Affordable Housing Legislation Strengthened in Light of Increased Need

By Emily Cadik
Executive Director of the Affordable Housing Tax Credit Coalition 
May 2021 

In just these past few months we have seen huge gains for affordable housing, which will have a tremendous impact at a time when they are so critically needed as we recover from the pandemic. In addition to authorizing nearly $70 billion in emergency housing resources, Congress set a minimum 4 percent Low-Income Housing Tax Credit (Housing Credit) rate at the end of 2020 – a longstanding priority for the affordable housing community. 

The 4 percent rate is already having a clear impact, making possible developments that simply could not have moved forward with the rate as low as it was – close to 3.07 percent at its lowest, as a result of cuts to federal borrowing rates. Now that the 4 percent Housing Credit is more fully utilized, the private activity bonds that states use to access the 4 percent credits are also now in higher demand. Recognizing the need for greater access to private activity bonds, we are broadening our affordable housing agenda this year. 

The Affordable Housing Credit Improvement Act (AHCIA), which was recently introduced in both the House and Senate with bipartisan support, includes roughly two dozen provisions to expand and strengthen the Housing Credit for which we have been advocating for years, as well as several key new provisions. As with previous versions of the legislation, the new AHCIA would expand the annual Housing Credit allocation by 50 percent, but this year’s version would phase the increase in over two years instead of the previous five. A new provision this year would also lower the 50 percent bond financing threshold required to access 4 percent credits down to 25 percent, to allow states to double the affordable housing they can produce with their private activity bond volume cap. Taken together, the proposals in the AHCIA would finance the development of more than 2 million additional affordable homes over the next decade than otherwise possible.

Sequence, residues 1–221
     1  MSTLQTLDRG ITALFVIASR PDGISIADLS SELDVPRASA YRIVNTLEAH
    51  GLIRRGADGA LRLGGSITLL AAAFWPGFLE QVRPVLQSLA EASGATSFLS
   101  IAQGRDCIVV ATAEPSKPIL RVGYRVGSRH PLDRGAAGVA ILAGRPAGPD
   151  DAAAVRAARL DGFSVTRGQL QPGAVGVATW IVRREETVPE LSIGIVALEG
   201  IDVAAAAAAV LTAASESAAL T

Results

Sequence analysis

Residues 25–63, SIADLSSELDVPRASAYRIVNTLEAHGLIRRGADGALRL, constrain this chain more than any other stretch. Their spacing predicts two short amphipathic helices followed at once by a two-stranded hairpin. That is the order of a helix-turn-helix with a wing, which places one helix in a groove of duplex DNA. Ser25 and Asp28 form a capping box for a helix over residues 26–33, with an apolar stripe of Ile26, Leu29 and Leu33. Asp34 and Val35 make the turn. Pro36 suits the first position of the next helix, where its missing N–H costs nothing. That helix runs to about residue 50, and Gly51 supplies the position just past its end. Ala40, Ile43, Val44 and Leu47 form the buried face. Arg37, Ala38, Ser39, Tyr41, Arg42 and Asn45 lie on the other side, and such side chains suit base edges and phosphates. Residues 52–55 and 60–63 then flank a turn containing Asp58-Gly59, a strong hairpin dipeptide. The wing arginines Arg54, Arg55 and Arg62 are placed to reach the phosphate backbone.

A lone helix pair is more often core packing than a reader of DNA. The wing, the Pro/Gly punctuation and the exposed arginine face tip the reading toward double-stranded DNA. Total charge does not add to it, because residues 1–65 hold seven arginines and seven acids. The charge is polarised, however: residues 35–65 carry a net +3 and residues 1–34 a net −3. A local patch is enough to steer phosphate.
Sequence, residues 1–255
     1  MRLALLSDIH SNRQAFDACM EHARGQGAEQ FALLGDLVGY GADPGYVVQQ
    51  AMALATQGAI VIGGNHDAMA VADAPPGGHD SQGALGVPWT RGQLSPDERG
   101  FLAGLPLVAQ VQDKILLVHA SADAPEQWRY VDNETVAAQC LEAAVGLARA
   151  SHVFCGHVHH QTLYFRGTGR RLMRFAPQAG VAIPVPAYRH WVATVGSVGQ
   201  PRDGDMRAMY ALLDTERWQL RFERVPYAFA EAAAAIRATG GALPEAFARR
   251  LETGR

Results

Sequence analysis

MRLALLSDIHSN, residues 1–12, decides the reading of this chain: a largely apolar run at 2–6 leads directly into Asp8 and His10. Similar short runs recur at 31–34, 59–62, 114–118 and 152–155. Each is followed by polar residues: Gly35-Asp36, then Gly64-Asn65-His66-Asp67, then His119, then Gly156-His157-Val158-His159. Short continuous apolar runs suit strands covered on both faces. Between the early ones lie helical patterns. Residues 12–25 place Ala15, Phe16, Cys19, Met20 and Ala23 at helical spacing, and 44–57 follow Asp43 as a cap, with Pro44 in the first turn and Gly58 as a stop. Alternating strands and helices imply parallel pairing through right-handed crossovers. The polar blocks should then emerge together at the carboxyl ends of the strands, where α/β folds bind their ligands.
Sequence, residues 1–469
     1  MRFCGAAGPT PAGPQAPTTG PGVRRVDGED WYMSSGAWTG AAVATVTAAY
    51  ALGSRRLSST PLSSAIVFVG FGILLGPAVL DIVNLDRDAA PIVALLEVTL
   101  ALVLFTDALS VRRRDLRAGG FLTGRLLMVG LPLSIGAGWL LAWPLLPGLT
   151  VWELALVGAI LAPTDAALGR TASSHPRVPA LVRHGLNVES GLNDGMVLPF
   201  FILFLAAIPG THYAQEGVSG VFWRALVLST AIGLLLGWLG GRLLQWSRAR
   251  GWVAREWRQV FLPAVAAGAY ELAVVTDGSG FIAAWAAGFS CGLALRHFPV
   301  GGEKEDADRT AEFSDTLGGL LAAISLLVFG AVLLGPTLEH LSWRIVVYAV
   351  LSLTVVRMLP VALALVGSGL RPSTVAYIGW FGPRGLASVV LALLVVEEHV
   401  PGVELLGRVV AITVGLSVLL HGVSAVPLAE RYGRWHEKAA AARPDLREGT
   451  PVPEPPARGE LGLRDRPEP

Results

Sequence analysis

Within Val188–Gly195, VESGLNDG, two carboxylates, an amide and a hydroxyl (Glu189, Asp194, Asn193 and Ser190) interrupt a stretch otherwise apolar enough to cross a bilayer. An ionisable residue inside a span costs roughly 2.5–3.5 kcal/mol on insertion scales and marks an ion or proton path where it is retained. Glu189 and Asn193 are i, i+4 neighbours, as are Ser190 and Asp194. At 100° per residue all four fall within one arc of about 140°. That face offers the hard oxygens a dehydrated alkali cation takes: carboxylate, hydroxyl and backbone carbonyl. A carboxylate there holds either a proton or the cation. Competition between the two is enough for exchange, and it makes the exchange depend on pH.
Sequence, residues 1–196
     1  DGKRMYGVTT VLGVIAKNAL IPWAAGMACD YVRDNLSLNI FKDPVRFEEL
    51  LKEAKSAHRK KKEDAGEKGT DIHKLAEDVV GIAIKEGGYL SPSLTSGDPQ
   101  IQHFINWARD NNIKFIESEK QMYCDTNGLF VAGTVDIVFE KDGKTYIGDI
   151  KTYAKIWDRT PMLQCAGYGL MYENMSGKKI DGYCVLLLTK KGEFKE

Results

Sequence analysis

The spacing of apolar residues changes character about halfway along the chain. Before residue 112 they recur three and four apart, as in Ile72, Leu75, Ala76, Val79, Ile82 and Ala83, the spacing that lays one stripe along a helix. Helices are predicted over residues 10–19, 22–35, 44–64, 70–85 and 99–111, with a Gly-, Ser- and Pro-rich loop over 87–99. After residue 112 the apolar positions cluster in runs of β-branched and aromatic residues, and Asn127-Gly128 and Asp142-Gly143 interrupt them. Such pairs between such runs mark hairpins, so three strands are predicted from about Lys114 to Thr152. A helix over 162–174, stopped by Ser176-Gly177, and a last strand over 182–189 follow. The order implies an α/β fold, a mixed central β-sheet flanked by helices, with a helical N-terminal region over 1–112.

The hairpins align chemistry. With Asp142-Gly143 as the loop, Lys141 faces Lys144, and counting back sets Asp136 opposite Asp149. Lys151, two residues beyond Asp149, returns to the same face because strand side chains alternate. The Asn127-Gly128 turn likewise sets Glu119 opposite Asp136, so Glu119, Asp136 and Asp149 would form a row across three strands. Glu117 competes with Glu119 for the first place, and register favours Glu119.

Two-thirds of the Pennsylvania congressional delegation co-sponsored the AHCIA in the last Congress, and we look forward to partnering with the Housing Alliance of Pennsylvania to rebuild support for this important legislation. This year we have a very real opportunity to meaningfully increase investments in affordable housing as part of infrastructure legislation, but it is incumbent on our advocacy to move these proposals across the finish line, and we hope you’ll join us. Learn more about the AHCIA here